5. Only once was it mentioned that one group switched to Macs because they seemed less susceptible to attack. He mentioned at least twice that you can’t sue Microsoft for providing a faulty OS combined with a poorly updated integrated browser, because purchasing a machine with Windows provides only a license to use the software and provides no firm sale transaction in which a person owns the software running on the hardware that they do own. He did mention the Microsoft monopoly on the OS, but failed to mention that Microsoft was prosecuted in conjunction with monopolistic powers only related to installation of a browser. It was never mentioned that Microsoft to this day controls hardware vendor access to Windows, and if the hardware companies dare install anything else but Windows or MS products, they will be heavily penalized in regard to being able to install Windows. If anyone says the Dell sells Linux, I must say that I’ve only ever been able to find minimal hardware boxes in the very basic desktop configuration, and in selecting one of those choices, there is a radio selection button for the OS that would full form advance to a Windows selection. Phone inquiries were even worse at the individual customer level. Only institutional server customers could purchase equipment with Linux pre-installed. Same story at all vendors except Lenovo, and then only through individual providers.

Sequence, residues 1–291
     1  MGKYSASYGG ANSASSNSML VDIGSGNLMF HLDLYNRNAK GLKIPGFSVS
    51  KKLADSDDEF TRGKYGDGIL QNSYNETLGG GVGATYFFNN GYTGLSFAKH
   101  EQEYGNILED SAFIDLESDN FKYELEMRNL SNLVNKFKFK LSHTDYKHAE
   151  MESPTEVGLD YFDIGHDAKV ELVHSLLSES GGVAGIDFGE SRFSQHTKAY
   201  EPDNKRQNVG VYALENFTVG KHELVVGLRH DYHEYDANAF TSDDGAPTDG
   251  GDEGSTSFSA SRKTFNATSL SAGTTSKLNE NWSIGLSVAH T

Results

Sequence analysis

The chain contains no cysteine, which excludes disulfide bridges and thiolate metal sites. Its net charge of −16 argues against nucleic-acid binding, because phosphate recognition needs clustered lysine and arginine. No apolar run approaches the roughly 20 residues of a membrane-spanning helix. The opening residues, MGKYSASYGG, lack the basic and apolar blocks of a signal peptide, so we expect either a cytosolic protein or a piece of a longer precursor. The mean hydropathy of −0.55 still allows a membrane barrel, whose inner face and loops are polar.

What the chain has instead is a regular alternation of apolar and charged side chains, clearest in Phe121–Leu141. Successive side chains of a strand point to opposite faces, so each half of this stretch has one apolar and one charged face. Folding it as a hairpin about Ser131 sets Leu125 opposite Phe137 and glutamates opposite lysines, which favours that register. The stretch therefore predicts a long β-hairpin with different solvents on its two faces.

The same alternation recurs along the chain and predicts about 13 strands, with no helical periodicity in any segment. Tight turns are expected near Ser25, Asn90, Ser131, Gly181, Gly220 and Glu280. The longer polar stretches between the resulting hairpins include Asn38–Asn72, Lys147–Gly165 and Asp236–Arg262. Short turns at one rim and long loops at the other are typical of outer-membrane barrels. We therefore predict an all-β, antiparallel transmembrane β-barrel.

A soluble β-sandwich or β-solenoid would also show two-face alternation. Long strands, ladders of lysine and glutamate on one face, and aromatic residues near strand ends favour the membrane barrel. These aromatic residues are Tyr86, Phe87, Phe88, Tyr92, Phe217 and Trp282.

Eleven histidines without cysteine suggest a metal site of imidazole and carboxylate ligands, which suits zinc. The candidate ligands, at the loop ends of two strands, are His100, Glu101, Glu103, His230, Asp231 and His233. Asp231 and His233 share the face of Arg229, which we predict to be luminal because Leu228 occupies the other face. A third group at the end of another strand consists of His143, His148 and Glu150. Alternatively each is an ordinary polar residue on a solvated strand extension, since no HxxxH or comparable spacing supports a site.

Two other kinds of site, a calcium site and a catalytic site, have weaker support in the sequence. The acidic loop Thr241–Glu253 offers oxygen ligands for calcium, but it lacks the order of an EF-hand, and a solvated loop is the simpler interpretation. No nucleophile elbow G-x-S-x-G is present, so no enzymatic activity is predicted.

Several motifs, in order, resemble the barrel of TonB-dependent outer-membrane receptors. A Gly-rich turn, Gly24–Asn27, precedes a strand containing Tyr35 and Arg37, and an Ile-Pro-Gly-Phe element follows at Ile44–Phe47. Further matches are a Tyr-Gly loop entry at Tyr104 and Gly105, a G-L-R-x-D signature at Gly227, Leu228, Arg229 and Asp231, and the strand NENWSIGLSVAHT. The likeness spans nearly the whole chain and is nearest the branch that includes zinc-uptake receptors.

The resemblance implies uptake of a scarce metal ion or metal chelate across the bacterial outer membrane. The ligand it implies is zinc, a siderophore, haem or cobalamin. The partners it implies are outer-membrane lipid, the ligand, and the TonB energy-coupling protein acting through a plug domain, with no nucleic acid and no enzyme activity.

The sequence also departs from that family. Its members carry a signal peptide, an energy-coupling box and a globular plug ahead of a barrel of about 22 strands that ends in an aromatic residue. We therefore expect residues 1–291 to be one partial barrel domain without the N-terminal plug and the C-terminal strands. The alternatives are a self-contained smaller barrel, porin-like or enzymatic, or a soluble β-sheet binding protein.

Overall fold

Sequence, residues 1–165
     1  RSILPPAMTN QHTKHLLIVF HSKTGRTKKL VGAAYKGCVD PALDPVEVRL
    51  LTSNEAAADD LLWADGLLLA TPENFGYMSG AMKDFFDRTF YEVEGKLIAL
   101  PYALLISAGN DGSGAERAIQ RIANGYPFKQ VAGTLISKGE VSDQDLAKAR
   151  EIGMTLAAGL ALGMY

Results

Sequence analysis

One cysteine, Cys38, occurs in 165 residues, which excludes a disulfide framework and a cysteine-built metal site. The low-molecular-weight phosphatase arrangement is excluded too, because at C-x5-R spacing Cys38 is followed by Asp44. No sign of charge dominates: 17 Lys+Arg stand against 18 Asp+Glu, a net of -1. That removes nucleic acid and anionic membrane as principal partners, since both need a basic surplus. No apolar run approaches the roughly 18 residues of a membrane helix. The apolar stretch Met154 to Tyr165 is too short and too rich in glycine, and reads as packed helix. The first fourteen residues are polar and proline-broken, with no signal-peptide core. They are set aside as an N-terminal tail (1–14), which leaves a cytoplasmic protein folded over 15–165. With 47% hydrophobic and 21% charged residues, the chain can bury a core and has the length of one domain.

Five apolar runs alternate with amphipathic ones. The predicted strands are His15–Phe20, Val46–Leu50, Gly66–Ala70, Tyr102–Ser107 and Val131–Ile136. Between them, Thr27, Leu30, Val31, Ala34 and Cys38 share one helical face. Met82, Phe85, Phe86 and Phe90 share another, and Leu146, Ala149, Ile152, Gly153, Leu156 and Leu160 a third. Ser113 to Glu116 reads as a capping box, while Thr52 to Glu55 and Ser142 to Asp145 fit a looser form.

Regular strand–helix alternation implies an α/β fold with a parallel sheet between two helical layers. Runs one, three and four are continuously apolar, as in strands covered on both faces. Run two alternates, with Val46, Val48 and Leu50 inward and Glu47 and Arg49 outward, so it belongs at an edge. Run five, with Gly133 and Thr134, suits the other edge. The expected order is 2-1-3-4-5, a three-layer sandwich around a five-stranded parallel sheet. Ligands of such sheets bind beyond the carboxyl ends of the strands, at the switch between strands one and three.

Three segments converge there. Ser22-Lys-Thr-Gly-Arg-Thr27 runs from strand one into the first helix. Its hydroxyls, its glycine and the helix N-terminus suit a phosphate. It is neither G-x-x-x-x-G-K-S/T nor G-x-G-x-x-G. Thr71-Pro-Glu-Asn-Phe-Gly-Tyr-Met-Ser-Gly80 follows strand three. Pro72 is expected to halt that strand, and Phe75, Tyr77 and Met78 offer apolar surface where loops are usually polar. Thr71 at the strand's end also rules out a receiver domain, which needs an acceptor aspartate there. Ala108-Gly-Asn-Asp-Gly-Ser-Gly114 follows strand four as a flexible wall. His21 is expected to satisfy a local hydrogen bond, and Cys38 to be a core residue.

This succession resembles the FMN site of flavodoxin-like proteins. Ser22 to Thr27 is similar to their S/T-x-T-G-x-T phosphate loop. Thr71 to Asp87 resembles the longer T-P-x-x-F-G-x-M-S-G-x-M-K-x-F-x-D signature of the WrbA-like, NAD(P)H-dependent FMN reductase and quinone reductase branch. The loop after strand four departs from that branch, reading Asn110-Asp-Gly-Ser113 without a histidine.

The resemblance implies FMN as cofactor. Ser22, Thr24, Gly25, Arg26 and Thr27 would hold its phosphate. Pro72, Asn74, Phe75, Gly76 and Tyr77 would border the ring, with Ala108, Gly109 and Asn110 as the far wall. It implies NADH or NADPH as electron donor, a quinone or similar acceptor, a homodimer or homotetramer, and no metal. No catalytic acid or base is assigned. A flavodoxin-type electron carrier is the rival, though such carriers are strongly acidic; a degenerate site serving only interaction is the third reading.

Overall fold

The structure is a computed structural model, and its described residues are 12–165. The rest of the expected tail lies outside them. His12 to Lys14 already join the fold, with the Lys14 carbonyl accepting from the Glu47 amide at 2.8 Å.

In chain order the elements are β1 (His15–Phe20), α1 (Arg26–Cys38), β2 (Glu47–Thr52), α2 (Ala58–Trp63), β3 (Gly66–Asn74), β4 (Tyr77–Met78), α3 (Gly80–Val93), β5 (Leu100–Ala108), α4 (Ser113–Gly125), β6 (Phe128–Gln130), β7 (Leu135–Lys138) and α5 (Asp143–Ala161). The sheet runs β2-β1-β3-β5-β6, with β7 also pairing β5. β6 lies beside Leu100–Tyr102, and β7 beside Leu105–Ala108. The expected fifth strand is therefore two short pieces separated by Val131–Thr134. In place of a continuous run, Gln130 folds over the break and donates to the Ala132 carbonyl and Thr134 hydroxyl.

6. The author in the last 50 pages provides a conglomerated synopsis of headline events and trends regarding contemporary internet warfare across national borders. China is mentioned as a war opponent in cyberhacking, but it is never mentioned that China manufactures a significant volume of the circuitry used in electronics and could very easily, using the subversion techniques described by R.J. Pineiro, hide logic bombs and covert data skimmers within circuit boards and components. This could happen to Apple and all the phone manufacturers, so that their equipment could be subverted despite the installed software. Of course the title of the book was “the hunt for the internet crime lords”, so hardware subversion might have been beyond the scope.